But the website began attracting attention and advertising revenue began to trickle in. Almost all the money Horn made went directly to upgrading his equipment, including his camera and computer. Slowly, but surely, Iorì:wase’s audience grew.

Swimming against the current

Horn doesn’t mind swimming against the current.

In 2012, the Iorì:wase website hit one million views. “I knew we had something good there,” he said. “I wanted to expand.”

People in the community had been telling Horn they wanted a print version of Iorì:wase. But at that time, media outlets were sounding the death knell of print newspapers, with many of them pulling the plugs on printing presses and moving strictly online.

“People really wanted a printed newspaper,” says Horn. “I just felt we could make it work.”

Horn put together a team of writers, designers and people to sell ads. On April 11, 2013, the first issue of Iorì:wase rolled off the press.

Growing pains

There were growing pains, of course. Because Iorì:wase was originally a bi-weekly publication, some staff would only work every second week during production. They supplemented their incomes by picking up second jobs. But, says Horn, the team was committed to the paper. “They really believed in the project,” he says. “They made it work.”

That commitment was rewarded when two-and-a-half years later, Iorì:wase became a weekly publication.

In 2022, Iorì:wase was named Best Overall Newspaper by the Quebec Community Newspapers Association. “I am so proud of my team for this award,” says Horn. “They made this all possible.”

Tough juggling act

Horn was also concerned that the success of the printed Iorì:wase might slow the momentum the website had enjoyed. “We wanted to be relevant and have people buy our paper, but we also wanted them to keep visiting our website,” he says. “At first, we had trouble juggling that.”

Horn took the advice of one of his journalism professors to heart. “He said, in the future we will still need the news, but in different formats. We have to be ready to adapt.”

So, Horn adapted.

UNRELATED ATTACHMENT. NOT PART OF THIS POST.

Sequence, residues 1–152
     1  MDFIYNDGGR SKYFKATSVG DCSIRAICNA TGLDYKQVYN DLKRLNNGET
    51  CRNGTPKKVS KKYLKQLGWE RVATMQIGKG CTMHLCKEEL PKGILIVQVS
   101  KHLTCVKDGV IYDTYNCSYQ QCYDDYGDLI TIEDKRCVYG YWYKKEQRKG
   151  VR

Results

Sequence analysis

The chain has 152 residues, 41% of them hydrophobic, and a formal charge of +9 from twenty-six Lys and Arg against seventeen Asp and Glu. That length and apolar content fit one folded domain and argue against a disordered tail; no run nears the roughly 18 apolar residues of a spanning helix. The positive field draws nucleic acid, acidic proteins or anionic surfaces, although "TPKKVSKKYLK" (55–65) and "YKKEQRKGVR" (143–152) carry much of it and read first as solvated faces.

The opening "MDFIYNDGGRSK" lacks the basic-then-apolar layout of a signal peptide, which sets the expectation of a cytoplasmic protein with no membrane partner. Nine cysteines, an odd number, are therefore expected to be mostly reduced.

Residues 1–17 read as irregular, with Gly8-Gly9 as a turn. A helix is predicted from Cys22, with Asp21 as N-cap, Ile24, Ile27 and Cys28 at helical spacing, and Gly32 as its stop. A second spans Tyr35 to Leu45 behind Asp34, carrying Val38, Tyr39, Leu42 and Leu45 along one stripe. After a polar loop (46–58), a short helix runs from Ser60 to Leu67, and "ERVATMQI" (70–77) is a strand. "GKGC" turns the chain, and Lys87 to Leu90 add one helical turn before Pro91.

As new technologies became available at affordable prices, he upgraded and expanded his operations. Horn began posting PDF versions of the print edition online. In 2015, Iorì:wase became one of the first  (“maybe the first,”) Indigenous media outlets in Canada to launch a mobile app.

Embracing multimedia

Beginning in 2017, Horn began “experimenting” with digital multimedia. A series of grants allowed him to hire a full-time digital media manager and Iorì:wase now produces regular video segments and podcasts.

“The idea is to give a platform to people from our community to tell stories that they otherwise wouldn’t have,” says Horn.

“Out print edition comes out every Thursday and we have a free online edition that accompanies it,” says Horn. “Some articles include an embedded video or podcast. Sometimes there’s both.”

“They all compliment each other and help us reach as many people as possible.”

Not surprisingly, given his fearless pursuit of new horizons, Horn and his team at Iorì:wase have started producing documentaries. The first was the 2021 film Warhawks, which looks at the history of minor baseball in Kahnawake, including the incredible 2021 playoff runs of three local teams.

“This goes back to having to be adaptable. It’s just another form of journalism,” says Horn, who has also produced a short documentary on the importance of maple syrup to the Kahnawake community.

Accurate and airtight

As the Mellon ISCEI Writer in Residence, Horn is looking forward to meeting and working with Indigenous students at McGill. “We need to amplify our voices,” he says. “And who better to tell our stories than brilliant, young people?”

For the budding journalist, Horn offers some advice. “It’s good to be fast,” he says, “but it’s better to be accurate.”

“Sure, you can get the story out there first, but if it is full of holes it will ruin your name. The most important thing about journalism is the critical thinking involved in fact checking and making sure your story is airtight,” he says. “In the end, all you have as a journalist is your reputation.”

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Leslie-Anne Stacey
1 year ago

Good job Greg! You will make great impressions on the young journalists and will no doubt inspire our brothers and sisters at McGill to tell our stories as they should be told!!!